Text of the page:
The Philippines argued at a closed hearing on Tuesday that an international court should intervene in its dispute with China over the right to exploit natural resources and fish in the South China Sea.
Although China has declined to participate, the case at the Permanent Court of Arbitration in The Hague is being closely watched by Asian governments and Washington, given rising regional tensions as Chinese naval power grows.
A panel of five judges will hear arguments this week and decide whether the treaty-based court has jurisdiction.
Manila filed suit at the court in 2013, seeking to enforce its right to exploit waters in a 200-nautical mile “exclusive economic zone” off its coast, as defined under the U.N. Convention on the Law of the Sea.
The Philippines argues that the arbitration court is the correct venue for resolving disputes covered by the treaty, which both countries have signed.
“The Philippines believes the court has jurisdiction over all the claims it has made,” said lawyer Paul Reichler, representing the Philippines.
He said he was confident the court would ultimately rule in the Philippines’ favour.
Chinese Foreign Ministry spokeswoman Hua Chunying said China did not accept the court’s jurisdiction and would not participate.
“China opposes any form of arbitration process proposed and promoted by the Philippines,” Hua told a daily news briefing in Beijing on Tuesday.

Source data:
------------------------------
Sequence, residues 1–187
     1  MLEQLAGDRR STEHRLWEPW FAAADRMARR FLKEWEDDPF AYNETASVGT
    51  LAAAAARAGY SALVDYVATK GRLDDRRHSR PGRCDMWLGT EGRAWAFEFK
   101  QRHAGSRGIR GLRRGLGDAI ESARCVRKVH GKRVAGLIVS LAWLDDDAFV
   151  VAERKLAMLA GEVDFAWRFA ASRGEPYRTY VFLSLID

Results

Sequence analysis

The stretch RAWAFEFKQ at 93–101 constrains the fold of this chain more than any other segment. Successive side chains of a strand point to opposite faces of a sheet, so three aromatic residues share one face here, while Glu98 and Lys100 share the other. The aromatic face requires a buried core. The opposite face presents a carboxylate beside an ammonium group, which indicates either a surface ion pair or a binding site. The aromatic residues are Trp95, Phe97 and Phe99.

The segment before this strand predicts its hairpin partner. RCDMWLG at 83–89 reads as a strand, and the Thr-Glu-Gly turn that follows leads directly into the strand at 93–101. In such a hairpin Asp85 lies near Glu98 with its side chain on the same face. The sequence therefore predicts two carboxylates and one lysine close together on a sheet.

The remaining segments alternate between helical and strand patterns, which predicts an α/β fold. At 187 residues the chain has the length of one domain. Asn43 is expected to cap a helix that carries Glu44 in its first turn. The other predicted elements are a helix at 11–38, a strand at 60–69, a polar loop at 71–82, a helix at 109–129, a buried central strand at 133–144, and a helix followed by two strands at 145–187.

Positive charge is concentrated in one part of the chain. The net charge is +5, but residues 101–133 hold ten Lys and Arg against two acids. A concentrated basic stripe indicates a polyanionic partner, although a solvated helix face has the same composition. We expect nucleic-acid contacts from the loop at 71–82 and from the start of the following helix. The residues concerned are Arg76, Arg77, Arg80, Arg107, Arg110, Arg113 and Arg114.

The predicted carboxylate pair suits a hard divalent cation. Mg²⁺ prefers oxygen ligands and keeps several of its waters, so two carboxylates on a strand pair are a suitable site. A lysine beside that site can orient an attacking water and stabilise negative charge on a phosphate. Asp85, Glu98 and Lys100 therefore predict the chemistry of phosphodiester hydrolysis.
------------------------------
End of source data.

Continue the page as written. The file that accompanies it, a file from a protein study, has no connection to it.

In a position paper in December, China argued the dispute was not covered by the treaty because it was ultimately a matter of sovereignty, not exploitation rights.
China claims most of the South China Sea. The Philippines, Vietnam, Malaysia, Taiwan and Brunei claim overlapping parts of the strategic waterway.
While the hearings are closed to the public, the court said in a statement it had allowed small delegations from Vietnam, Malaysia, Japan, Indonesia and Thailand to observe proceedings after getting requests from those countries.
After the Philippines, the country most at odds with Beijing over the South China Sea is Vietnam. Japan is also involved in a bitter dispute with China over uninhabited islands in the East China Sea.
Manila says China is unfairly preventing it from accessing reefs and shoals that are under its dominion in the South China Sea. Reichler said the case could continue even if China declined to participate. The court’s rulings are binding, although it has no power to enforce them and countries have ignored them in the past.
Reichler declined to discuss the details of the Philippines’ arguments on Tuesday.
Court legal counsel Judith Levine said the court would not comment on the proceedings.
Reichler said he expected a decision on jurisdiction within 90 days. A ruling on the merits of the case could take years.